Sunday, December 19, 2010

Review and plan


Take a problem and try different solutions. Get in the habit of taking time with a problem rather than trying to skim over it.
Remember to use drawing references! You don't have to process and automatize everything right away.
Use different pen styles. You're using a computer, so take advantage of the different weights.


Practice drawing characters digitally as well as on paper.
Spend some time developing newer characters.


Flow chart- current plan

1 page per day with no planning ---> build momentum ---> formulate ideas while working ---> begin planning during FREE time ---> probably redraw/ rework pages during FREE time ---> planned version slowly takes over? ---> begin publishing

The key is to build momentum and to keep it. Every time I have successfully built momentum in the past, I ruined it during the planning stage. Say I start on a project with little forethought. Usually after a couple of months of drawing I begin developing solid planning and ideas; they aren't FULLY planned and developed yet. I decided that this tighter version of a story is superior and promptly drop the lesser version to continue planning. What then happens is momentum drops completely and I'm back to where I started.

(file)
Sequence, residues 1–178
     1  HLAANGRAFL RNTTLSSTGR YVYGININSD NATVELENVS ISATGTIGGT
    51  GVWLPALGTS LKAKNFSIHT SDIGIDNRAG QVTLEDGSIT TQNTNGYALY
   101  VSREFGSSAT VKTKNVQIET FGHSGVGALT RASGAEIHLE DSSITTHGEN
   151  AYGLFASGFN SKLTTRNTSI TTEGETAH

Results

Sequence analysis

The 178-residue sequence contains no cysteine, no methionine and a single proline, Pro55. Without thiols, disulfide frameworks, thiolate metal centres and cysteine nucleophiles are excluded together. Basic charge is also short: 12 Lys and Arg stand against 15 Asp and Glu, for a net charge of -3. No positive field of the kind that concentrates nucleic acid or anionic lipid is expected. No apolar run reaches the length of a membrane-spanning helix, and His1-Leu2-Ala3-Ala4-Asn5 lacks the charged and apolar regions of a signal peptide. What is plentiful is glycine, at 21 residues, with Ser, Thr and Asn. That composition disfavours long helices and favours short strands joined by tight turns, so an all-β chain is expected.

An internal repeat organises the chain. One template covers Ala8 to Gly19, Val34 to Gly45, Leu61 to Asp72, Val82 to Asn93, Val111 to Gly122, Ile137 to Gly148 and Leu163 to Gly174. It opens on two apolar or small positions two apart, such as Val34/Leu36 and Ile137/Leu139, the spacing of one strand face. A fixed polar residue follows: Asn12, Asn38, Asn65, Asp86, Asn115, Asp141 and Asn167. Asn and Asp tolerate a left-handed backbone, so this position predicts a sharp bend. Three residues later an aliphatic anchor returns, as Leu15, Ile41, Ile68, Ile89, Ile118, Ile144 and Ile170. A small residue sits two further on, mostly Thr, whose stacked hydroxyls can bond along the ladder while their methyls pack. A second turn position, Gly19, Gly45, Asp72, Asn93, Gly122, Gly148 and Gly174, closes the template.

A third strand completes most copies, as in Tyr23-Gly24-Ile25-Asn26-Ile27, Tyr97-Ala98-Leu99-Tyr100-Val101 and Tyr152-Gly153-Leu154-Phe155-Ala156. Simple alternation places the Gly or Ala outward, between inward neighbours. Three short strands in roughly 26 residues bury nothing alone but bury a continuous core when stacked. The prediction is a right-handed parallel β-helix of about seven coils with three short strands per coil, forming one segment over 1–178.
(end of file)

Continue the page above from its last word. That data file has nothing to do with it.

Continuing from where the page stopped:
In the past I would conclude that the spontaneous version, while rougher, was the superior over the planned version. While it's true that something is better than nothing in this case, I failed to recognize that a tightly planned work is much more difficult and long range but the end result of such a struggle is most likely going to be far superior to the short range project. And a short range project, which could be translated into a project not necessarily ones own planning wise, is undeniably good for solid work experience, momentum, and discipline.

So to recap, work on a 'daily' version with little regard to plot. Don't work out an outline or do rough storyboards or anything beforehand- just work on one page per day. Once you get going it'll be okay to do some minor planning ahead of time. Eventually I believe that planning will reach a point that I'll be working on a cohesive story that will take a while to work out the details. That's based partly from experience, partly from theory.

Saturday, December 18, 2010

The final pages are the results of my best work. If I say "I can do better than that" I have 2 options: either rework the drawings or move on and work on new ones. Neither are particularly ideal for me. Regardless of which option I choose, the fact remains that I can visibly see that there is improvement to be made in my mind and I should work harder to reach my desired skill level.

I've never had an assistant position. I am slowly making up for this. I've heard you have 2,000 bad pages in you before you start making good ones. I'm sure that's not an exact figure, but I sort of lament not having the opportunity to increase my skill on someone else's work : P So I guess I'm stuck working out problems on my own work. The sooner you get the experience out the way, the sooner you'll be making good work. However, I'm not going to make the mistake (again) of thinking that cumulative hours equals all the required experience needed to minimize mistakes. If you never learn to draw hands, for instance, spending 200 hours drawing comics won't necessarily remedy that. You need to focus on a specific problem.